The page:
[I-D] Access Protocol

Rohit Khare (rohit@uci.edu)
Fri, 29 Jan 1999 12:29:07 -0800

Content-Type: text/plain; charset="us-ascii" ; format="flowed"

Durn. A command-oriented, stateful protocol framework. The opposite,
but equal, of *TP.

Content-Id: <v04103600b2d7ca40077d@[].0.0>
Content-Type: text/plain; name="draft-earhart-ap-spec-01.txt"; charset="us-ascii" ; format="flowed"
Content-Disposition: attachment; filename="draft-earhart-ap-spec-01.txt"
; modification-date="Fri, 29 Jan 1999 12:25:57 -0800"

Network Working Group R. Earhart
Internet Draft: AP Carnegie Mellon
Document: draft-earhart-ap-spec-01.txt January 1998
Expires July 1998

Access Protocol

Status of this Memo

This document is an Internet-Draft. Internet-Drafts are working
documents of the Internet Engineering Task Force (IETF), its areas,
and its working groups. Note that other groups may also distribute
working documents as Internet-Drafts.

Internet-Drafts are draft documents valid for a maximum of six
months, and may be updated, replaced, or obsoleted by other documents
at any time. It is not appropriate to use Internet-Drafts as
reference material or to cite them other than as "work in progress".

To learn the current status of any Internet-Draft, please check the
1id-abstracts.txt listing contained in the Internet-Drafts Shadow
Directories on ftp.is.co.za (Africa), ftp.nordu.net (Europe),
munnari.oz.au (Pacific Rim), ds.internic.net (US East Coast), or
ftp.isi.edu (US West Coast).

This document suggests a proposed protocol for the Internet
community, and requests discussion and suggestions for improvements.
Distribution of this draft is unlimited.

The protocol discussed in this document is experimental and subject
to change. Persons planning on either implementing or using this
protocol are STRONGLY URGED to get in touch with the author before
embarking on such a project.


Copyright (C) The Internet Society 1998. All Rights Reserved.


The Access Protocol defines a standard extensible framework upon
which application-specific protocols may be layered, providing a
piece of infrastructure for a common class of internet protocols.

Earhart [Page 1]

Internet DRAFT Access Protocol January 1998


Substantial portions of this protocol and of the text of this
document come from [ACAP], which itself borrows much from [IMAP4].

1. Motivation

There are an increasing number of internet application-level
protocols, solving a wide variety of problems. But as time goes on,
it's becoming increasingly obvious that in the course of their
development, regargless of their application-level purpose, many of
the protocols need to solve the same infrastructure problems, such as

Representation of commands (interleaving, protocol structure)
Representation of command data
Security (Authentication and authorization)
Internationalization (UTF8, language control, etc.)
Error reporting
And a variety of minor issues (inactivity timeouts, etc.)

It's hoped that by defining a common infrastructure between
application-specific command suites and the underlying stream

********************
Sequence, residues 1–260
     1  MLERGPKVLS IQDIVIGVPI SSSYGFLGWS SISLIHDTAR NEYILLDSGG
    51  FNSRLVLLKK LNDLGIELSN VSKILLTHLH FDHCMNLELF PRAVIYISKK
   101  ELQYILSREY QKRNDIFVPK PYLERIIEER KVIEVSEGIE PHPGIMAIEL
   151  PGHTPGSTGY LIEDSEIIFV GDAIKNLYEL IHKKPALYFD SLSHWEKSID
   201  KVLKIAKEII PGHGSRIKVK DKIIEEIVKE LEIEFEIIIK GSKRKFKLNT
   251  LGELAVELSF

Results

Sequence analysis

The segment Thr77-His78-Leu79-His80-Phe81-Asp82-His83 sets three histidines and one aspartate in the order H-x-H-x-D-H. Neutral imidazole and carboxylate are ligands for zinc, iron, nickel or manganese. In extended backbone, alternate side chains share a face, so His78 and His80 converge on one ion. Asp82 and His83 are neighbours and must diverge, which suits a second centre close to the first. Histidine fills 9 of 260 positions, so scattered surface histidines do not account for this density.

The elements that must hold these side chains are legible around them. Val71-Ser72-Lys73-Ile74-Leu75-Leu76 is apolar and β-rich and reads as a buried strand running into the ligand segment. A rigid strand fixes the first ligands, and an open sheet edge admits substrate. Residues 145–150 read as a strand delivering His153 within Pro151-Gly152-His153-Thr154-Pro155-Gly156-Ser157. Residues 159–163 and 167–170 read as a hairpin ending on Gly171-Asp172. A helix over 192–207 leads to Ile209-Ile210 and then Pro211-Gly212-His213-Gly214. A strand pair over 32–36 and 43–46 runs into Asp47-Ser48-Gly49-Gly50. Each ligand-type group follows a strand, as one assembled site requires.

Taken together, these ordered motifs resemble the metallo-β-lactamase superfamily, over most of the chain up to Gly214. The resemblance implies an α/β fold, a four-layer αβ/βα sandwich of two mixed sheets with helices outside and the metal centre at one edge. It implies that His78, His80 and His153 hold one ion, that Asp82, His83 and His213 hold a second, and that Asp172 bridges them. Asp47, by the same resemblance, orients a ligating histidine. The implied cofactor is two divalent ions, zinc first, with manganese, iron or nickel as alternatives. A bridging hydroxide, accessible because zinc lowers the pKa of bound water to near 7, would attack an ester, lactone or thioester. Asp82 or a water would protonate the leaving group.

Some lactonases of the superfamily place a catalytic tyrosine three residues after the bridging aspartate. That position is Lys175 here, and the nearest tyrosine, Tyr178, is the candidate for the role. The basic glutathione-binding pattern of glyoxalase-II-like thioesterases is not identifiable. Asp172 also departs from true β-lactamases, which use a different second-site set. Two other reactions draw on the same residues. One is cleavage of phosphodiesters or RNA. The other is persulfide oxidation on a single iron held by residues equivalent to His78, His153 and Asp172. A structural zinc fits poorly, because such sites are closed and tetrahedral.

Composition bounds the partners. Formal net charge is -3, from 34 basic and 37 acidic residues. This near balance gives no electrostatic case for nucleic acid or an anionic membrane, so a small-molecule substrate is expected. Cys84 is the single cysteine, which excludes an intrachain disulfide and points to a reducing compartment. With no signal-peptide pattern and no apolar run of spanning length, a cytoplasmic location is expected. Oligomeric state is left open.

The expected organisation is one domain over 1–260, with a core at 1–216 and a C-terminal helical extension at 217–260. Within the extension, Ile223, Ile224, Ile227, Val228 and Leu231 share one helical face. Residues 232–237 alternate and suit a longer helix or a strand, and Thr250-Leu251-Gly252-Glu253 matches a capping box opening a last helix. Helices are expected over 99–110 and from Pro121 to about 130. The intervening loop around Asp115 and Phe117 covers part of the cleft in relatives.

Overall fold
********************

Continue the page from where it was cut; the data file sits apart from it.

protocol provided by services such as TCP, a number of these problems
can be solved in a general way, allowing application-specific
protocols to be more rapidly developed and deployed.

In addition, by abstracting the infrastructure from the application,
it's hoped that each will be able to evolve independantly, and that
the state of the art in protocol design will improve and advance
faster than if each new infrastructure-level idea had to be
individually incorporated into each application level protocol.

ASN.1/BER is *not* used, as there is a significant feeling in the
applications area community that the complexity of these standards is
a significant barrier to implementation.

It is recognized that not all application level protocols will fit
into this model; TELNET is a good example of a protocol that does not
belong in this framework. Nevertheless, it is believed that this is
of sufficient utility to enough protocols to be worth advancing as an
IETF standard.

2. Conventions Used in this Document

In examples, "C:" and "S:" indicate lines sent by the client and
server respectively.

Earhart [Page 2]

Internet DRAFT Access Protocol January 1998

The key words "MUST", "MUST NOT", "REQUIRED", "SHALL", "SHALL NOT",
document are to be interpreted as described in [KEYWORDS].

3. Protocol Overview

3.1. Link Level

The Access Protocol assumes a reliable data stream such as provided
by TCP. The command protocol that uses the AP is responsible for
specifying any parameters to be used in constructing the stream.

3.2. Commands and Responses

An AP session consists of the establishment of a client/server
connection, an initial greeting from the server, and client/server
interactions. These client/server interactions consist of a client
command, server data, and a server completion result.

All interactions transmitted by client and server are in the form of
lines; that is, strings that end with a CRLF. The protocol receiver
of an AP client or server is either reading a line, or is reading a
sequence of octets with a known count followed by a line. Both
clients and servers MUST be capable of handling lines of arbitrary

3.2.1. Client Protocol Sender and Server Protocol Receiver

The client command begins an operation. Each client command is
prefixed with a identifier composed of one to thirty-two characters
(typically a short alphanumeric string, e.g., A0001, A0002, etc.)
called a "tag". A different tag is generated by the client for each